“The acts that took place constitute offences under criminal law. The offence of unauthorised intrusion and of computer espionage or illegal eavesdropping,” Torrent and Maragall said in a statement. They added that the offences were punishable with prison sentences.

They said they had decided to take action after reports emerged that Spanish intelligence services had used Pegasus spyware from the Israeli NSO Group, despite denials from the interior ministry.

Recent articles in El País and Público suggested both the CNI and the national police force may employ the spyware, which, according to NSO Group, is only available to governments to help them track terrorists and criminals.

The interior ministry denied such claims on Monday, saying: “Neither the interior ministry, nor the national police, nor the Guardia Civil have ever had any relationship with the company that developed this program, and, as such, have never contracted its services.”

It added that the actions of state security forces were always conducted “with the utmost respect for the law”.

The CNI, meanwhile, said in a statement that it acted “in full accordance with the legal system, and with absolute respect for the applicable laws”. It said its work was overseen by Spain’s supreme court. It did not respond to specific questions about the alleged use of Pegasus spyware.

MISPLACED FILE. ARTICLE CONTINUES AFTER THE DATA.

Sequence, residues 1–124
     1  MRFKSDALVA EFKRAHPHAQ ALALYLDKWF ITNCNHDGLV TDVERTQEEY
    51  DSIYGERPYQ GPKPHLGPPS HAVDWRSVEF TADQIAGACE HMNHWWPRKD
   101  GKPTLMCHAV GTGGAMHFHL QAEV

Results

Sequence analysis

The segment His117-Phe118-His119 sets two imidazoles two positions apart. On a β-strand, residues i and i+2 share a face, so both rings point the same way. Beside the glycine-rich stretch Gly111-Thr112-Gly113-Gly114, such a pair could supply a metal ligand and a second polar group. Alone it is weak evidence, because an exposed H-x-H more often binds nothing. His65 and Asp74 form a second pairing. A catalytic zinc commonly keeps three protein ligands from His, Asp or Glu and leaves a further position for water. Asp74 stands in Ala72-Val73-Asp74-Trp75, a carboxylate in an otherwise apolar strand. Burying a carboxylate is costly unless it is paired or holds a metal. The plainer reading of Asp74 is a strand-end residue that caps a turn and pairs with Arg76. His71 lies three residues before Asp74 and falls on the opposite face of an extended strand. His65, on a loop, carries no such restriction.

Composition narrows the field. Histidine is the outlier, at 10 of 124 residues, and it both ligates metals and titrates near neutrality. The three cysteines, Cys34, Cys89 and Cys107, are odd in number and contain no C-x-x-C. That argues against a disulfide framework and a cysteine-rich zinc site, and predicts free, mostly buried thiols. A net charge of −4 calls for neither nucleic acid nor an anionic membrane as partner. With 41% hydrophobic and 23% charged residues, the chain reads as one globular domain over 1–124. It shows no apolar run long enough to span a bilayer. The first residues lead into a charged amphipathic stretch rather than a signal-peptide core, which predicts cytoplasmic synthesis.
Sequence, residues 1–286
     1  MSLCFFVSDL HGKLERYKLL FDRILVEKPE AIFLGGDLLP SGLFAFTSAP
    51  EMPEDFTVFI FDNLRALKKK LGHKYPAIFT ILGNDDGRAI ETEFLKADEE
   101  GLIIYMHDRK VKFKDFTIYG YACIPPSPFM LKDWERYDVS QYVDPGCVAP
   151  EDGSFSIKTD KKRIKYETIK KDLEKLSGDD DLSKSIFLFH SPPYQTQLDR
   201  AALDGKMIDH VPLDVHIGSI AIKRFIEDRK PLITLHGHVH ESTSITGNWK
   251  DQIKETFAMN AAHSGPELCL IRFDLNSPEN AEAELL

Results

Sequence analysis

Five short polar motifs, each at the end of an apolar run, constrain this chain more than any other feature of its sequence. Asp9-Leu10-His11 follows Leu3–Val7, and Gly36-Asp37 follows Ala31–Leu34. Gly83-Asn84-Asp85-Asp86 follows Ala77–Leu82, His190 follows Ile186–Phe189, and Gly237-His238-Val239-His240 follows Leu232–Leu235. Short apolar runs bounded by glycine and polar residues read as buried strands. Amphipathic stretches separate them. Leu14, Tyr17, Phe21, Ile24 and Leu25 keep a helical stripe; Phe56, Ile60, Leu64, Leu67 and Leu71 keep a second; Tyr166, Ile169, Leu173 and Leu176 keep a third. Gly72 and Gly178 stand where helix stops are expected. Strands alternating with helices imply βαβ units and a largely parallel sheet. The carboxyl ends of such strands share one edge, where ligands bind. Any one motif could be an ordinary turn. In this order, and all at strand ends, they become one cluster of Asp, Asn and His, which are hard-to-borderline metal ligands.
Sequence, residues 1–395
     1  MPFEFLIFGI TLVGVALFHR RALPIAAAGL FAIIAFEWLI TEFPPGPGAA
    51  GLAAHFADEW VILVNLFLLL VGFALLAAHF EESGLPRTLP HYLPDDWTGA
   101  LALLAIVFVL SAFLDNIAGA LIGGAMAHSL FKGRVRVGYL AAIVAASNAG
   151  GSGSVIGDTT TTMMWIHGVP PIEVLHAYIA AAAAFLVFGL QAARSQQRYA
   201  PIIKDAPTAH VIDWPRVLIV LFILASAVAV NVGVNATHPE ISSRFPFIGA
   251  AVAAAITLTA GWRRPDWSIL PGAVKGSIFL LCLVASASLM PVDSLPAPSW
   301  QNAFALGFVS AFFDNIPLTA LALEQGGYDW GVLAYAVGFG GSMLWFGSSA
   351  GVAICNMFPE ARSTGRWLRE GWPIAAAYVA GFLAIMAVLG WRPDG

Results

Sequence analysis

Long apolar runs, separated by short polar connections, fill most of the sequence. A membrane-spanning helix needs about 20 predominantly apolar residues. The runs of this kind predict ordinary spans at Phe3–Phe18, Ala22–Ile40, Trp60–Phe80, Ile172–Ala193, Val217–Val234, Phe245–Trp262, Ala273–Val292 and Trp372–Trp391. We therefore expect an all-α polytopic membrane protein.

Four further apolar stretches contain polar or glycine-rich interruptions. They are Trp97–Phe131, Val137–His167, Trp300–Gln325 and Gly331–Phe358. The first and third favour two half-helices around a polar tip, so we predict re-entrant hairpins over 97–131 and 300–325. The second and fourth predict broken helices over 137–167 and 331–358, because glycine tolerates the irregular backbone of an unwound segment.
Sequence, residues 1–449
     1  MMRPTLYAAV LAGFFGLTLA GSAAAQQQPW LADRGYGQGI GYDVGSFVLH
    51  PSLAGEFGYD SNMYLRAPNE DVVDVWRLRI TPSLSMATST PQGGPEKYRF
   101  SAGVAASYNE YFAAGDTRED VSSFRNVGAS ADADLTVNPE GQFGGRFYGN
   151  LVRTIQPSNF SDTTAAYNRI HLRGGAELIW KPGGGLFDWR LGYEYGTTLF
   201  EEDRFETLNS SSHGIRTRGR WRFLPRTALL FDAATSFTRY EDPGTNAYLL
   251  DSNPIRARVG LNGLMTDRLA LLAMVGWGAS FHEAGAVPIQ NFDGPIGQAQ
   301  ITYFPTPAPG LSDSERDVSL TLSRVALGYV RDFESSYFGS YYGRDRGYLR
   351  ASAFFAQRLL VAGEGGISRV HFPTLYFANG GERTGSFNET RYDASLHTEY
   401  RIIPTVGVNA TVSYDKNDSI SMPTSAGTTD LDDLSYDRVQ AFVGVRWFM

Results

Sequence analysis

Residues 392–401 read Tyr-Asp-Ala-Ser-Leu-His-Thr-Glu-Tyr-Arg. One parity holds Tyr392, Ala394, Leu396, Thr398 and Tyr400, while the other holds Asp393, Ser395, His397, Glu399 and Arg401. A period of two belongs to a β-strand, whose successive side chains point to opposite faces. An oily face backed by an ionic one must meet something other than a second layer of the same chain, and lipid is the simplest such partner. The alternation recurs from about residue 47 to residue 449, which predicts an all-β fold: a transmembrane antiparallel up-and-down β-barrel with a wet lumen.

NSO Group has denied it has any role in operating its hacking software and has said it has no knowledge of who its government clients target.

The company said it operated under “industry-leading governance policies” and that it could not confirm or deny which authorities used its technology because of confidentiality constraints.

WhatsApp said that 1,400 users were targeted in a mass attack in April and May last year. The incident is the subject of a lawsuit by the messaging app against NSO Group in the US. NSO Group has denied allegations that it bore any responsibility in the targeting of individuals and said it did not operate the technology itself.

According to the lawsuit, the spyware exploited a previous vulnerability in WhatsApp software that would have given the operator potential access to everything on the target’s mobile phone. This included emails, text messages and photographs. It could also have switched on the phone’s recorder and camera, turning it into a listening device.

The California company has claimed 100 members of civil society – including journalists in India, human rights activists in Morocco, diplomats and senior government officials – are alleged to have been affected.

John Scott-Railton, a senior researcher at Citizen Lab, who has closely monitored the use of NSO Group’s spyware and collaborated with WhatsApp to engage members of civil society targeted by the 2019 attack, described the targeting as disturbing.

“This case is extremely troubling because it suggests that possible domestic political espionage was taking place,” he said.